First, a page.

Suffolk County residents now have one more reason to look to Stony Brook Medicine for the highest level of care for both ischemic stroke (when a clot blocks the flow of blood to the brain) and hemorrhagic stroke (bleeding within the brain tissue).
In April 2019, Stony Brook Medicine launched Long Island’s first mobile stroke unit program designed to provide specialized, life-saving care to people within the critical moments of stroke before they even get to the hospital. This revolutionary pre-hospital process will markedly accelerate the time to making an accurate stroke diagnosis, allow for time-sensitive stroke therapies to be administered earlier, and allow for the transport of stroke patients directly to the most appropriate hospital for the level of care they require, the first time. The result will be more lives saved, and better outcomes through earlier interventions. While new to Long Island, mobile stroke units have successfully reduced stroke disability and have improved survival rates in other major metropolitan areas across the country.
“Time is brain”
Perhaps you’ve heard the expression, “Time is brain.” It’s a reminder that when you have a stroke and the brain cannot get the blood and oxygen it needs, brain cells die. To put this in perspective, it’s estimated that when a blood vessel supplying the brain is blocked, nearly two million brain cells are lost for each minute that passes, making stroke one of the most time-sensitive diagnoses in medicine. The faster blood flow can be restored to the brain, the more likely that a person will have a full recovery.
A mobile ER with telehealth capability
Each mobile stroke unit is a mobile stroke emergency room (ER) with telehealth capability to Stony Brook University Hospital. This allows Stony Brook Medicine physicians at the hospital to determine if a person has a blocked vessel or bleeding in the brain. Once that is determined, the stroke first responders onboard the mobile stroke unit can begin administering time-sensitive, advanced stroke treatments while the person is en route to the nearest hospital that can provide them with the appropriate level of care.
Each Stony Brook Medicine mobile stroke unit is staffed with:
- A crew of stroke first responders, including a critical care nurse, paramedic, emergency medical technician (EMT) and computed tomography (CT) technologist.
- Medications, including the clot busting agent tPA, which, when administered intravenously, is known as IV tPA.
- Brain imaging equipment, including a CT scanner that can perform both a standard head CT scan as well as a CT scan angiogram (which looks at , in detail, blood vessels throughout the body). These scans allow doctors to immediately check for bleeding in the brain and determine whether a person has a blocked blood vessel, and immediately initiate treatment with IV tPA (when indicated).
- Stony Brook Medicine Telehealth’s teleneurology and teleneuroradiology services, which enable Stony Brook emergency physicians and neurologists to instantly see and examine a person via video conferencing and advise the mobile stroke unit’s crew en route to the hospital.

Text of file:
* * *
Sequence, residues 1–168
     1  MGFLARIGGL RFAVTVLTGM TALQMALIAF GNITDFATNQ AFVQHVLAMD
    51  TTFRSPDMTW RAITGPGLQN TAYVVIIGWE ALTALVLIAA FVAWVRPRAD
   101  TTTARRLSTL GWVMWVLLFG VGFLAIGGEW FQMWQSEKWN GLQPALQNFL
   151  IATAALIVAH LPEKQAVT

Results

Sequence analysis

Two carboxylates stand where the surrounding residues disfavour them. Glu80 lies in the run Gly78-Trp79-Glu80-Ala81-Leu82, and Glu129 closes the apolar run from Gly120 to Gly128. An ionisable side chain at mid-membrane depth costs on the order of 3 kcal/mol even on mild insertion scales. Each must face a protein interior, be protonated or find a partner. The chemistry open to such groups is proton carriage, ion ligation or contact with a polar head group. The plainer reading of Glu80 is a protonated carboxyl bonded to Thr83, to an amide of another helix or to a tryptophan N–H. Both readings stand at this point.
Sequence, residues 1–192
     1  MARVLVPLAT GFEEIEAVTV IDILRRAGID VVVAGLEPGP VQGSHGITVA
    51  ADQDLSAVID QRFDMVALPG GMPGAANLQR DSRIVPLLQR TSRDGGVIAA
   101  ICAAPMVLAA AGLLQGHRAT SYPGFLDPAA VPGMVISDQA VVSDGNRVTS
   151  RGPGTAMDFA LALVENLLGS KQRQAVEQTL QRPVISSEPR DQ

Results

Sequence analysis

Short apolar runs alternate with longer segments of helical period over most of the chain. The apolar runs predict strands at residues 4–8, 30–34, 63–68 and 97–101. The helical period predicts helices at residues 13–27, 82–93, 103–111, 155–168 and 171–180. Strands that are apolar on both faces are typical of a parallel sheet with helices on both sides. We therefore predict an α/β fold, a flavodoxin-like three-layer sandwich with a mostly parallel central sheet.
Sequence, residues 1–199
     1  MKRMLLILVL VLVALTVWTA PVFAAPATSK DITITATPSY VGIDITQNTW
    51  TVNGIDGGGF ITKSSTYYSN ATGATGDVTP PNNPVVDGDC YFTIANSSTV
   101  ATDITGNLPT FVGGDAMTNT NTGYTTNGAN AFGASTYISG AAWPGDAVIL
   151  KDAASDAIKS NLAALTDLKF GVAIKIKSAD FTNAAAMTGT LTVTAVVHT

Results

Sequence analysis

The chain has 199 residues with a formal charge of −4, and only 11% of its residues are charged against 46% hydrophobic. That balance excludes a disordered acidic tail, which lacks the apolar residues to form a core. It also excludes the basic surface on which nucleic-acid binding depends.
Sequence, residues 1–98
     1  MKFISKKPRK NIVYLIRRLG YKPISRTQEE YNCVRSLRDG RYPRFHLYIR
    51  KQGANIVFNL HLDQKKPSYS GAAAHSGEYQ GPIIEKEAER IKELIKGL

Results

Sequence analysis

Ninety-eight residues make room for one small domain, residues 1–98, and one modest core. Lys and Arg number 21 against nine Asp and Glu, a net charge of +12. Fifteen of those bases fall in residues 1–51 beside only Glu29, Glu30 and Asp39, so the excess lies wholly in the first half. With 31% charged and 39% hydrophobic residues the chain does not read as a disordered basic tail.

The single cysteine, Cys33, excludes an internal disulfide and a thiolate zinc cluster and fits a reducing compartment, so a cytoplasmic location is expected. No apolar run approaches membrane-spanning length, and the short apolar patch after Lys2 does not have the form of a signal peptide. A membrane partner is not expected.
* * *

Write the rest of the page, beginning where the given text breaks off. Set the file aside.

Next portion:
Improving the chances of a good outcome
The mobile stroke unit program greatly improves the chances of a good outcome because it allows the physicians back at Stony Brook University Hospital to more rapidly identify if someone is a candidate for a mechanical thrombectomy, which is a procedure to remove clots that block large vessels. The American Heart Association/American Stroke Association now recommends for selected acute ischemic stroke patients to receive mechanical thrombectomy as the standard of care. However, an individual must get to a hospital with the physician experts and technology to perform a mechanical thrombectomy early enough to get the most benefit from the treatment. With the introduction of the mobile stroke unit program, more people will be candidates for treatment if they are rapidly identified and transported to the nearest comprehensive stroke center early for these time-sensitive interventional therapies.
David Fiorella, MD, PhD, neurointerventionalist and Co-Director of the Stony Brook Cerebrovascular Center, has been performing mechanical thrombectomies for more than 20 years, and has witnessed the remarkable recovery of many individuals who arrived severely disabled and went home from the hospital independent and disability-free.
Available at a moment's notice
The mobile stroke unit program is available seven days a week, from 8 am to 8 pm, which is the window of time when most stroke calls are received in Suffolk County. The first mobile stroke unit that was launched in early April is strategically stationed at a base station located off of the Long Island Expressway at Exit 57. A second unit will soon be stationed similarly off of Exit 68. These locations were chosen for easy East West and North South access. The mobile stroke unit team takes calls within a 10-mile radius of each base, which includes about 40 different communities. Stony Brook Medicine is collaborating with over 40 emergency medical service (EMS) agencies throughout Suffolk County to provide this lifesaving, time-sensitive care.
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